Chemical Composition.—In 1816 and 1817, Braconnot and Bucholz extracted what they believed to be the active constituent and called it capsicin. According to Hager (Handb. Pharm. Praxis, 1886), Braconnot gives the following composition of 100 parts of Spanish pepper: Pungent oil, 1.9; wax, combined with red coloring matter, 0.9; brown amylaceous matter, not blued by iodine (pectic acid, according to Berzelius), 9.0; gum, 6.0; nitrogenous matter, 5.0; woody fiber, 67.0; potassium citrate, 6.0; potassium phosphate and chloride, 3.4. Capsicin of Braconnot and Bucholz is obtained by making an alcoholic extract of capsicum, and then digesting this in ether, filtering and evaporating the ethereal solution. It is a thick liquid, of a yellowish-red, or reddish-brown color, of an overpowering acrid taste, volatilizes at a moderate elevation of temperature, and disengages so acrid a vapor, that ½ grain will cause every person in a large room to cough and sneeze violently. Water and vinegar slightly dissolve it, but ether, oil of turpentine, alcohol, chloroform, and the caustic alkalies readily dissolve it. With barium oxide it forms a solid, acrid combination (P.—T.). F. Victor Heydenreich (Amer. Jour. Pharm., 1858), concluded that the capsicin of Braconnot consisted of two active oils with an inert fatty substance, and that the true capsicin consisted of these oils without the fatty matter. In 1873, Buchheim pronounced capsicol to be the active principle which, however, was probably not quite pure (Flückiger). Mr. J. C. Thresh (Pharm. Jour. and Trans., 1876) succeeded in isolating the probably pure acrid principle—a colorless crystalline substance present in small amount only, and difficult to obtain pure—to which be gave the name capsaicin (C9H14O2). It is intimately associated with a fatty material, composed largely of palmitic acid. It is extremely rubefacient, fuses at 59° C. (138.2° F.), sublimes at 115° C. (239° F.), and, when heated, gives off intensely acrid fumes. Alcohol, ether, hot disulphide of carbon, benzin, diluted alkalies, and amylic alcohol dissolve it. In 1889, Arthur Meyer demonstrated that the placenta of Capsicum annuum is the carrier of the acrid principle (capsaicin). This isolation was effected by extracting with boiling ether, evaporating the solvent, mixing the residue with oil of sweet almonds (to retain the red coloring matter). extracting with 70 per cent alcohol, evaporating and dissolving the residue in solution of caustic potash free from carbonate, filtering and passing into the filtrate carbonic acid to saturation. After standing for some days the capsaicin crystallizes out and is purified by washing with water and cold benzin. This method (which is that of Thresh) yielded 0.9 per cent of capsaicin in 110 Gm. of placenta, obtained from 5000 Gm. of red pepper (Amer. Jour. Pharm., from Pharm. Zeitung). Felletar (1868), also Thresh (Amer. Jour. Pharm., 1876), and later Flückiger, isolated a volatile, but non-acrid alkaloid of coniïne-like odor. A very small portion of a crystallizable fat, occurring in white crystalline tufts, and associated with essential oil, to which the odor of capsicum is probably due, was obtained by Flückiger (Phamacognosie, 1891). It had a non-acrid, spicy taste, and resembled parsley oil.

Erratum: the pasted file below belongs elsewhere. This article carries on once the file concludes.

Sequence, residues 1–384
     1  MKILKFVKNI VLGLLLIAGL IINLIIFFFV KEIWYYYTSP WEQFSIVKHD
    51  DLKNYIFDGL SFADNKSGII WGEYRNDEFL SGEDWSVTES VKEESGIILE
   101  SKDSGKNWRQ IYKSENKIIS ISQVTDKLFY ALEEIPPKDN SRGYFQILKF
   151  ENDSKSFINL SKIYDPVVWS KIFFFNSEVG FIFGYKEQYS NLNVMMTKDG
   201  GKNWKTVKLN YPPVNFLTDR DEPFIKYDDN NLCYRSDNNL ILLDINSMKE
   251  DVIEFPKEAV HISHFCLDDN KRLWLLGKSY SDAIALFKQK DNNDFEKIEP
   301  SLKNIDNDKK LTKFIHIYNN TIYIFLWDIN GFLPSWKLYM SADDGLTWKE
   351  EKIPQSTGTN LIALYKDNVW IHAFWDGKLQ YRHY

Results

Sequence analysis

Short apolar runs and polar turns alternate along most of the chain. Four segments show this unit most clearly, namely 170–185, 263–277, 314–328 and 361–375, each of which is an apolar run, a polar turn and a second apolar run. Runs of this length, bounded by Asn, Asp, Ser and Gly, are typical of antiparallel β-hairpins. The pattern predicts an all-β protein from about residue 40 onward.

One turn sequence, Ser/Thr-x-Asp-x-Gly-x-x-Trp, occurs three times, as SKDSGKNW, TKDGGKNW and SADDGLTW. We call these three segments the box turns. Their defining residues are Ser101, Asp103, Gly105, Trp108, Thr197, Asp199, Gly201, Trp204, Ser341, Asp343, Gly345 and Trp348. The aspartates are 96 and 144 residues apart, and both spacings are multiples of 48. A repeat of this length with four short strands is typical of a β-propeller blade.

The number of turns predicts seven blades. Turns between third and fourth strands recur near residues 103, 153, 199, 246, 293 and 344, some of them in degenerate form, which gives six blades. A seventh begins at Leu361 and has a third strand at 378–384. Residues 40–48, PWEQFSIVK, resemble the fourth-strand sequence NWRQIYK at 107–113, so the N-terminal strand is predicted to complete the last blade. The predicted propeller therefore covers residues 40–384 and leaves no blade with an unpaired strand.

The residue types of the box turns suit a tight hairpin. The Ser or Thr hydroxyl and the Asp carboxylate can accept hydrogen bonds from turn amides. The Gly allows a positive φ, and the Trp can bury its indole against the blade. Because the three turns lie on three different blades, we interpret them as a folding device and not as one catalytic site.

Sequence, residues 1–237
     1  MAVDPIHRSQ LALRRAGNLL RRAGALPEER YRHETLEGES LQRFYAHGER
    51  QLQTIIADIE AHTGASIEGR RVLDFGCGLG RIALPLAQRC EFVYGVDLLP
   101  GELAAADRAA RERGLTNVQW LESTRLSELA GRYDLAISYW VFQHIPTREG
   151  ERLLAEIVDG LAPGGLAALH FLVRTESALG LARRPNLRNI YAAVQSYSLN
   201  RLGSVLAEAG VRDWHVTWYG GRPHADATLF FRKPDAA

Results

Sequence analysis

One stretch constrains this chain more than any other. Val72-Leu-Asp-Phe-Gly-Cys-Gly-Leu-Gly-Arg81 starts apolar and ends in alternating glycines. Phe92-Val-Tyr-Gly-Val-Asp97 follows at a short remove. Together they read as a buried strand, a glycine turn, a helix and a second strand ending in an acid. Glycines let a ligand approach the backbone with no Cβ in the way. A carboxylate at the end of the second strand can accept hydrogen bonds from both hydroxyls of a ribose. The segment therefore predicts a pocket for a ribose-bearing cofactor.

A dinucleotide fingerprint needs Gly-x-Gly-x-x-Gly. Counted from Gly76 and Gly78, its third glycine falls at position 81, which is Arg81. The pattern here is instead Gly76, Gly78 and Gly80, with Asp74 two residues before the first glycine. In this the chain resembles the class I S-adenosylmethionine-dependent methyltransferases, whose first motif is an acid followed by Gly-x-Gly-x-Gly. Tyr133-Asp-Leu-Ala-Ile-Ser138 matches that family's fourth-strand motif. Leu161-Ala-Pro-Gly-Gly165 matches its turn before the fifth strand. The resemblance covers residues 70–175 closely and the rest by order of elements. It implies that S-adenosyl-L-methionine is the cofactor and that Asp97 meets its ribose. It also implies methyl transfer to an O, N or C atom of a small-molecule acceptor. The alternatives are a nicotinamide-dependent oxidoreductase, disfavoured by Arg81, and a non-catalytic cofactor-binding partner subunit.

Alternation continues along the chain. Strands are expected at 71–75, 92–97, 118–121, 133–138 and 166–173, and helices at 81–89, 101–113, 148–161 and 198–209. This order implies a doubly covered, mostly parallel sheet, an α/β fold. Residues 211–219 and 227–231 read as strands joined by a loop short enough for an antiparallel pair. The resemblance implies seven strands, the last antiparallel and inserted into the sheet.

Action, Medical Uses, and Dosage.—Capsicum is a pure, energetic, permanent stimulant, producing in large doses vomiting, purging, pains in the stomach and bowels, heat and inflammation of the stomach, giddiness, a species of intoxication, and an enfeebled condition of the nervous power. The infusion is much used in colds, catarrh, hoarseness, etc. In atonic dyspepsia and catarrhal gastritis it stimulates the nerves of the stomach, promotes the secretion of the digestive juices, and assists peristaltic motion. As an internal remedy some have advanced the theory that it is destroyed during digestion. Perhaps, when ingested with food, this may be partially true, but, if so, how do we account for its remarkable activity in sustaining the nervous system when given in delirium tremens, and the power it has in steadying the patient and promoting sound sleep? That its effects are partly due to its stimulating action upon the gastric membranes is unquestionable, but its entire effects can not be due to this cause alone. The same may be said of its action in congestive intermittent and remittent fevers. Some have thought to attribute its action in congestive chill to its effects upon the solar plexus. It forms an excellent addition to quinine in intermittents, where there is a deficiency of gastric susceptibility, and it has been asserted that but one-half the quinine will be needed when combined with capsicum.

Capsicum is the very best agent that can be used in delirium tremens. It enables the stomach to take and retain food, and the best form of administration is a strong beef tea, or strong soup made hot with red pepper. There is no danger of giving an overdose, as a wonderful quantity (even a drachm of red pepper) may be swallowed with evident pleasure and without ill results by a confirmed dipsomaniac. In the atonic dyspepsia of dipsomania it takes the place of alcoholic stimulants, removing the craving for alcoholics and sense of sinking at the pit of the stomach, prevents the morning sickness and vomiting, restores gastric tone and promotes the digestion of wholesome food. It should be administered whenever the desire for drink comes on. Prof. Locke recommends for delirium tremens doses of 10 to 40 grains of capsicum every 3 hours, or liberal doses of compound tincture of myrrh and capsicum. When the craving for drink occurs he administers 20 drops of the following in water: Rx Comp. tinct. of myrrh, fl℥j; specific nux vomica, flʒss. Mix.